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77
Control variates for quasiMonte Carlo
, 2003
"... QuasiMonte Carlo (QMC) methods have begun to displace ordinary Monte Carlo (MC) methods in many practical problems. It is natural and obvious to combine QMC methods with traditional variance reduction techniques used in MC sampling, such as control variates. There can, ..."
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Cited by 11 (3 self)
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QuasiMonte Carlo (QMC) methods have begun to displace ordinary Monte Carlo (MC) methods in many practical problems. It is natural and obvious to combine QMC methods with traditional variance reduction techniques used in MC sampling, such as control variates. There can,
Variance and Discrepancy with Alternative Scramblings
, 2002
"... This paper analyzes some schemes for reducing the computational burden of digital scrambling. Some such schemes have been shown not to affect the mean squared L² discrepancy. This paper shows that some discrepancypreserving alternative scrambles can change the variance in scrambled net quadrature. ..."
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Cited by 8 (1 self)
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This paper analyzes some schemes for reducing the computational burden of digital scrambling. Some such schemes have been shown not to affect the mean squared L² discrepancy. This paper shows that some discrepancypreserving alternative scrambles can change the variance in scrambled net quadrature. Even the rate of convergence can be adversely affected by alternative scramblings. Finally, some alternatives reduce the computational burden and can also be shown to improve the rate of convergence for the variance, at least in dimension 1.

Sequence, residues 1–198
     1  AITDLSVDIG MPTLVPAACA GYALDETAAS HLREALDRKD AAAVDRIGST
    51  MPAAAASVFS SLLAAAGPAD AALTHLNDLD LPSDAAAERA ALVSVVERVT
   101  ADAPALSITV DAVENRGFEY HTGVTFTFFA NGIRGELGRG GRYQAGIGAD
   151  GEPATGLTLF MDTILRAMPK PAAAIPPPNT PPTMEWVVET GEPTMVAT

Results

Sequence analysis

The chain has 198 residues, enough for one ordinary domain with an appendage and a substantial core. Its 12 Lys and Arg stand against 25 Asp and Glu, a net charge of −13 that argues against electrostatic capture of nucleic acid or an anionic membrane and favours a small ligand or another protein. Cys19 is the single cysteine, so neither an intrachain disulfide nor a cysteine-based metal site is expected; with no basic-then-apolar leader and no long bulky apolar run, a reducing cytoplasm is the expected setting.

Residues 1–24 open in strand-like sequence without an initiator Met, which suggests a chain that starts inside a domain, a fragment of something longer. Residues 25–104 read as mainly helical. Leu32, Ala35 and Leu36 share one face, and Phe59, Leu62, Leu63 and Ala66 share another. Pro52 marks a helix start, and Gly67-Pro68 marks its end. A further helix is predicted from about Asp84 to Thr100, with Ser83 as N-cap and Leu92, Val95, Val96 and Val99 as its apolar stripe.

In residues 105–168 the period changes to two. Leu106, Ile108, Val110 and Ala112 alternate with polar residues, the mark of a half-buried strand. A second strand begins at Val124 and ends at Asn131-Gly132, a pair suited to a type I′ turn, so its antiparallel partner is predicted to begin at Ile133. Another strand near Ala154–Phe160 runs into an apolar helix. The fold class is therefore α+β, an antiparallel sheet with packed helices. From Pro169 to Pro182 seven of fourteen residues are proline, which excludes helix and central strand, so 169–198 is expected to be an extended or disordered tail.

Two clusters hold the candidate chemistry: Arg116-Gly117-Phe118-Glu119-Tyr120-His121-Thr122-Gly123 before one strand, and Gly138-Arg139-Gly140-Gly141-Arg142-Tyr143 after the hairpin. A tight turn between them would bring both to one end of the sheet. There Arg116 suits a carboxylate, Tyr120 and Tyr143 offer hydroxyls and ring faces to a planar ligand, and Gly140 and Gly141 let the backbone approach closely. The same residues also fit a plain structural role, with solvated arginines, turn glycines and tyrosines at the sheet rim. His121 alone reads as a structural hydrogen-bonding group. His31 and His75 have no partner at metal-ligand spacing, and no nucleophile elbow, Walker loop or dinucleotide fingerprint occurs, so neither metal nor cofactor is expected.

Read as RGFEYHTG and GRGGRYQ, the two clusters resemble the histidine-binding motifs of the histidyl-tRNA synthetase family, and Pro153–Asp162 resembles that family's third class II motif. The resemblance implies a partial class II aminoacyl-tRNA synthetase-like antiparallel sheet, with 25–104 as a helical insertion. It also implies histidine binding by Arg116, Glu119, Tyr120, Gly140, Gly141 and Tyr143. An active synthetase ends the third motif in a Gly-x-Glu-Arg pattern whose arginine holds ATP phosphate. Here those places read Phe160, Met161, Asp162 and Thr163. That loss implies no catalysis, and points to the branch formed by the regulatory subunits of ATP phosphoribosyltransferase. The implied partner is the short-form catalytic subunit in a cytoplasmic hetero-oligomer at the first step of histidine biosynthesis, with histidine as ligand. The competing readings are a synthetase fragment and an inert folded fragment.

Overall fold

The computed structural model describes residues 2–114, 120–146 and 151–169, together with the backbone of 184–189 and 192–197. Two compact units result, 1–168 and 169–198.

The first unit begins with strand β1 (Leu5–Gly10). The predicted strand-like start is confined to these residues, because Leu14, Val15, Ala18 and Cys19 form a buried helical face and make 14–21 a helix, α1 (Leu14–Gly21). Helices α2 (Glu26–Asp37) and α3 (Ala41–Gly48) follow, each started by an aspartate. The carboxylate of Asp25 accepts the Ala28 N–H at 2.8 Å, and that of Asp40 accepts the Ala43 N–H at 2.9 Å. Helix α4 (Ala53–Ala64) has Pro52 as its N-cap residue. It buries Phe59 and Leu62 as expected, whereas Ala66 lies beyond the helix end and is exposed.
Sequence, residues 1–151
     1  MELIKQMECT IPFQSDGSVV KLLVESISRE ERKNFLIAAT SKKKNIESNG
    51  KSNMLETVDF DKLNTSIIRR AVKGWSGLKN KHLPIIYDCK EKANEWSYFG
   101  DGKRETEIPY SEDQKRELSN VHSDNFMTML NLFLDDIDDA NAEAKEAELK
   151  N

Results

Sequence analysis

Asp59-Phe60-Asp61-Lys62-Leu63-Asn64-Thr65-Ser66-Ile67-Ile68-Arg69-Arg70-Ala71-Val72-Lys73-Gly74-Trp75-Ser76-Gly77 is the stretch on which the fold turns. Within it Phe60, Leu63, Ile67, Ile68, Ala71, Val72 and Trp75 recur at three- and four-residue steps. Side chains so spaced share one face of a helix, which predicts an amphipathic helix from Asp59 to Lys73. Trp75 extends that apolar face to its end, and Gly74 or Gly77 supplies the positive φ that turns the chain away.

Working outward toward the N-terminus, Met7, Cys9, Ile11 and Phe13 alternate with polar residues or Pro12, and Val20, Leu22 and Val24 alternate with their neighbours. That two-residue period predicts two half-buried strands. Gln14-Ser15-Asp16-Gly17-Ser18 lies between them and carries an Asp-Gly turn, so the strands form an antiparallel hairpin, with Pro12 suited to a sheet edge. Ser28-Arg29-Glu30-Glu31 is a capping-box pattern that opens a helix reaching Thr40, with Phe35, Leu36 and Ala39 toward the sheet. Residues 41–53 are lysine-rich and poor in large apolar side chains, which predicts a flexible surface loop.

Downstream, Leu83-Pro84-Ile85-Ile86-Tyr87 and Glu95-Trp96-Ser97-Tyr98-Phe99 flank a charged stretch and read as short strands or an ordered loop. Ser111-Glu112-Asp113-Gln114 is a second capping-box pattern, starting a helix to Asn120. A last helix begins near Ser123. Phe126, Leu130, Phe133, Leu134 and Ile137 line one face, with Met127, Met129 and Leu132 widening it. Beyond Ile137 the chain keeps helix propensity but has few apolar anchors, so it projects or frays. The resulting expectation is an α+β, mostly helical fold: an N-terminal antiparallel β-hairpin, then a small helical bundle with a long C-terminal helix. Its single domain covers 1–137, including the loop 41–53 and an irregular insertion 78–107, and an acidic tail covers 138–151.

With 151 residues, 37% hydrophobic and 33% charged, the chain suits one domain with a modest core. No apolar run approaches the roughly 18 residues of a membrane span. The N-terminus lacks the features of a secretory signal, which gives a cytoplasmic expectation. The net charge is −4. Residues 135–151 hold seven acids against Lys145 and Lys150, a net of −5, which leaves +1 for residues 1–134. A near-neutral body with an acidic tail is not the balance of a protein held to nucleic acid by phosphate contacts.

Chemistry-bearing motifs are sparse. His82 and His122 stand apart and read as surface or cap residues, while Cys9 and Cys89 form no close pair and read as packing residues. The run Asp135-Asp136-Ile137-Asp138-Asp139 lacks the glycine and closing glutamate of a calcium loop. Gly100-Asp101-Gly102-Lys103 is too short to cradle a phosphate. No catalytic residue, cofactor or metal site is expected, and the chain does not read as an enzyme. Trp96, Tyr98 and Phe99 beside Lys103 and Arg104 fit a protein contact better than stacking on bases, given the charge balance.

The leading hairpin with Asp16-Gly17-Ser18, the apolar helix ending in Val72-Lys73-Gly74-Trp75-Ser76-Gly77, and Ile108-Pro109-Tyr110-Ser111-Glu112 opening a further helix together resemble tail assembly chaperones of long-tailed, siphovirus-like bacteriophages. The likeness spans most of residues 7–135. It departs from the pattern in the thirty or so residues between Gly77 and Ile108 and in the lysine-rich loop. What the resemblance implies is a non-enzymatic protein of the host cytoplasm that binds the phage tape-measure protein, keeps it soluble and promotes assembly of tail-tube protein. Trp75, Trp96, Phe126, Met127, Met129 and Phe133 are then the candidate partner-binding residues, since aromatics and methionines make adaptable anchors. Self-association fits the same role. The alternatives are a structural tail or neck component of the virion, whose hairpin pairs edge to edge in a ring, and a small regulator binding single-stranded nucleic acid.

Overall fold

Nikolov: Tight hardness results for minimizing discrepancy
 In Proc. 22nd Annual ACMSIAM Symposium on Discrete Algorithms (SODA
, 2011
"... Abstract In the Discrepancy problem, we are given M sets {S 1 , . . . , S M } on N elements. Our goal is to find an assignment χ of {−1, +1} values to elements, so as to minimize the maximum discrepancy max j  i∈Sj χ(i). Recently, Bansal gave an efficient algorithm for achieving O( √ N ) discrepa ..."
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Abstract In the Discrepancy problem, we are given M sets {S 1 , . . . , S M } on N elements. Our goal is to find an assignment χ of {−1, +1} values to elements, so as to minimize the maximum discrepancy max j  i∈Sj χ(i). Recently, Bansal gave an efficient algorithm for achieving O( √ N ) discrepancy for any set system where M = O(N ) [Ban10], giving a constructive version of Spencer's proof that the discrepancy of any set system is at most We show that from the perspective of computational efficiency, these results are tight for general set systems where M = O(N ). Specifically, we show that it is NPhard to distinguish between such set systems with discrepancy zero and those with discrepancy Ω( √ N ). This means that even if the optimal solution has discrepancy zero, we cannot hope to efficiently find a coloring with discrepancy o( √ N ). We also consider the hardness of the Discrepancy problem on sets with bounded shatter function, and show that the upper bounds due to Matoušek [Mat95] are tight for these sets systems as well. The hardness results in both settings are obtained from a common framework: we compose a family of high discrepancy set systems with set systems for which it is NPhard to distinguish instances with discrepancy zero from instances in which a large number of the sets (i.e. constant fraction of the sets) have nonzero discrepancy. Our composition amplifies this zero versus nonzero gap.
Lowdiscrepancy curves and efficient coverage of space
 Workshop on Algorithmic Foundations of Robotics VII
, 2006
"... Abstract: We introduce the notion of lowdiscrepancy curves and use it to solve the problem of optimally covering space. In doing so, we extend the notion of lowdiscrepancy sequences in such a way that sufficiently smooth curves with low discrepancy properties can be defined and generated. Based on ..."
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Abstract: We introduce the notion of lowdiscrepancy curves and use it to solve the problem of optimally covering space. In doing so, we extend the notion of lowdiscrepancy sequences in such a way that sufficiently smooth curves with low discrepancy properties can be defined and generated. Based on a class of curves that cover the unit square in an efficient way, we define induced low discrepancy curves in Riemannian spaces. This allows us to efficiently cover an arbitrarily chosen abstract surface that admits a diffeomorphism to the unit square. We demonstrate the application of these ideas by presenting concrete examples of lowdiscrepancy curves on some surfaces that are of interest in robotics. 1